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United Plans on Re-Opening Over 25 International Routes, But Ends ExpressJet Relationship

United Plans on Re-Opening Over 25 International Routes, But Ends ExpressJet Relationship
Joe Cortez

United Airlines is planning to resume operations on 25 international routes this fall, despite the current situation with the COVID-19 pandemic. The move coincides with the carrier’s decision to end their relationship with ExpressJet, putting the regional carrier in turmoil.

Even though there’s no guarantees international borders will open this fall due to the COVID-19 pandemic, United Airlines says they plan on re-introducing 25 different routes from the United States to several key markets. The Chicago-based carrier announced their plans to resume flying to three continents by September 2020.

Resumed Service Planned for Tel Aviv, Munich, Sydney, and India

Without announcing hard dates, United is planning to resume direct service between their hubs and key international marketplaces throughout the month of September. The re-introduced routes will focus on the airline’s key routes in the Atlantic, Pacific, and Latin America regions.

Across the Atlantic, the airline will restart service between Amsterdam two hub cities: Chicago and Houston. In Germany – home of Star Alliance partner Lufthansa – the Chicago-based carrier will open service between Frankfurt and two United hubs: Chicago and Houston. The airline will also plan on resuming service between San Francisco and Munich.

The airline is also planning to add two new routes to their network. If they can get government approval, United will start new service from Chicago to Tel Aviv, Israel, and routes “between the United States and Delhi and Mumbai.”

In the Pacific region, United wants to resume service between two hubs to key destinations. Their goal is to resume three-times weekly service between Los Angeles and Sydney, Australia, and new service between Chicago and Hong Kong. The Chicago-Hong Kong route is subject to government approval.

To Latin America, United is planning to once again reach popular island and tourist destinations. From hubs in Chicago, Denver, Houston, Los Angeles and Newark, the airline wants to once again fly into Cabo San Lucas, Costa Rica, St. Thomas, Puerto Vallarta, and Quito, Ecuador.

The bold move is predicated on these nations opening up borders to travelers from the United States, despite the increase in COVID-19 cases. According to Johns Hopkins University & Medicine, the United States has over 4.4 million confirmed cases of the novel Coronavirus, with over 152,000 deaths. With The Bahamas and the European Union closing borders to American customers, United’s entire strategy bets that flyers and international policy will be ready for travel abroad in two months.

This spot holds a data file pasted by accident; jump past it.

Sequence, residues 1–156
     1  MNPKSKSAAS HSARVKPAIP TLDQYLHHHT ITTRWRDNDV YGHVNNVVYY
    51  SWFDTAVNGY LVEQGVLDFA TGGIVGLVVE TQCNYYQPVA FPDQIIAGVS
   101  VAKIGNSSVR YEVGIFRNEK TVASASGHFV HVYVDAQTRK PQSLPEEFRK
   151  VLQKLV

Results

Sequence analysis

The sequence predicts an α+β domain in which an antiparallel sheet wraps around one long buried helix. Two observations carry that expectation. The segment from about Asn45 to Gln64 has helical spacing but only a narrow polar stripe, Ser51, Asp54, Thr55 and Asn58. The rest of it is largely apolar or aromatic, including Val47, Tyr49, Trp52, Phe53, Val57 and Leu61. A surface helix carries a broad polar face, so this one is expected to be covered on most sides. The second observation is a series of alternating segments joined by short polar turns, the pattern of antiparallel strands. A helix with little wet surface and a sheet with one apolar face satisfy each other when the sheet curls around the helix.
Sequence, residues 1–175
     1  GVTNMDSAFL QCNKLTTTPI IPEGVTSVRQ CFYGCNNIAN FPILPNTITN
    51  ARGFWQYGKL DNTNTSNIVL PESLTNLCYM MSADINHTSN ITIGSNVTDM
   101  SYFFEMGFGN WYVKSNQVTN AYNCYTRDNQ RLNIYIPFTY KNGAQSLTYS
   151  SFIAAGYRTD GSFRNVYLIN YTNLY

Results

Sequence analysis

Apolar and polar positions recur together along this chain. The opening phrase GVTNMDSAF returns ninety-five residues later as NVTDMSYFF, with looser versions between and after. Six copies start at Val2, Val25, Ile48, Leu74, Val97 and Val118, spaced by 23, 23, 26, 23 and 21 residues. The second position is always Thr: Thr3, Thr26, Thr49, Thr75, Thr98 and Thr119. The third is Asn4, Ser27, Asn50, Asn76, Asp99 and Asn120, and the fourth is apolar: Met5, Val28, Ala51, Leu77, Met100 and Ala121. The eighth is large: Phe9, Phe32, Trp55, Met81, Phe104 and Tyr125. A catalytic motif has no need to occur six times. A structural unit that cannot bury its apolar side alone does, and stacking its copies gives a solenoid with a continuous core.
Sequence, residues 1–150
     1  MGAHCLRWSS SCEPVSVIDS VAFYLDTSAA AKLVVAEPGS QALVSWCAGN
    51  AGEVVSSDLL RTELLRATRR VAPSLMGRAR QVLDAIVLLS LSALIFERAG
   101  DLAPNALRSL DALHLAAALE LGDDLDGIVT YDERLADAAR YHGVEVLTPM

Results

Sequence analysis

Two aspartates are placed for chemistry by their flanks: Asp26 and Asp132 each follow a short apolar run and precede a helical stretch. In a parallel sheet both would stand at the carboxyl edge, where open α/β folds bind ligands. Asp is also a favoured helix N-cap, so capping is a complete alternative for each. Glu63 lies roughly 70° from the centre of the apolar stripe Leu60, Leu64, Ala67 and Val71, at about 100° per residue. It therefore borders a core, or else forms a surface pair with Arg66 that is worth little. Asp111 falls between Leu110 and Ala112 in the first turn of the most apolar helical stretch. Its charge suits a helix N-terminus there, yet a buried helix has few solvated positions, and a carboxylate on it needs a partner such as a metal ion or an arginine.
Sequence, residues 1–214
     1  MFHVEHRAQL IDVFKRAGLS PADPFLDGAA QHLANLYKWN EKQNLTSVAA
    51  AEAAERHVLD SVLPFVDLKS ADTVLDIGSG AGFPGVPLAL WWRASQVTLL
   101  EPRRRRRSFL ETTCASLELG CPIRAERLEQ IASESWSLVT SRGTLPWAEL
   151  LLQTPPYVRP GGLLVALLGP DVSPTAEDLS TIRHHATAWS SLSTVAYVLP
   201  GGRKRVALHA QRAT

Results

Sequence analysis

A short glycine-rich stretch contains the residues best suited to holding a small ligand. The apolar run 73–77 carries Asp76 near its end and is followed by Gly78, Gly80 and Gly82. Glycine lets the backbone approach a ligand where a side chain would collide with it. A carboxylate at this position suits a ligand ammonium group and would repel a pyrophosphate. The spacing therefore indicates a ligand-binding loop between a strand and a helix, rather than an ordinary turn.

“We continue to be realistic in our approach to building back our international and domestic schedules by closely monitoring customer demand and flying where people want to go,” Patrick Quayle, vice president of international network and alliances for United, said in a press release. “In September, we’re adding even more options for leisure travelers or those who want to visit friends and relatives, whether that’s within the United States or around the world.”

Move Comes as United Cuts Ties with ExpressJet

The expansion plan comes as United made its decision on which regional partner to work with. In a surprise move, the airline decided to continue their CommutAir partnership, and will transition out of their contract with ExpressJet. The announcement was made by the Air Line Pilots Association and ExpressJet Airlines Master Executive Council president Joe Mauro.

An ExpressJet-United Express Embraer ERJ145 departs from Denver International Airport. ExpressJet's union announced the airline lost their contract with United to operate regional routes. Photo courtesy: ExpressJet

An ExpressJet-United Express Embraer ERJ145 departs from Denver International Airport. ExpressJet’s union announced the airline lost their contract with United to operate regional routes. Photo courtesy: ExpressJet

This move could be the kiss-of-death for the Georgia-based carrier, which works exclusively for United as United Express. Although it will take months for the transition to take place, ExpressJet and their fleet of 50-seat Embraer E145 jets will either need to transition into an independent carrier, or find regional contracts with the three other major carriers: American Airlines, Alaska Airlines, or Delta Air Lines.

“I am very disappointed that United Airlines announced today that ExpressJet Airlines was not chosen as the sole E145 operator in the United Express system,” Mauro said in the press release. “Just a few short months ago, ExpressJet was positioned to be the foundation for United’s regional consolidation, so today’s decision is extremely disappointing.”

From the union’s perspective, they are now focused on working with their members to “process this devastating news and make decisions about the next chapter of their careers—either in or out of aviation.”

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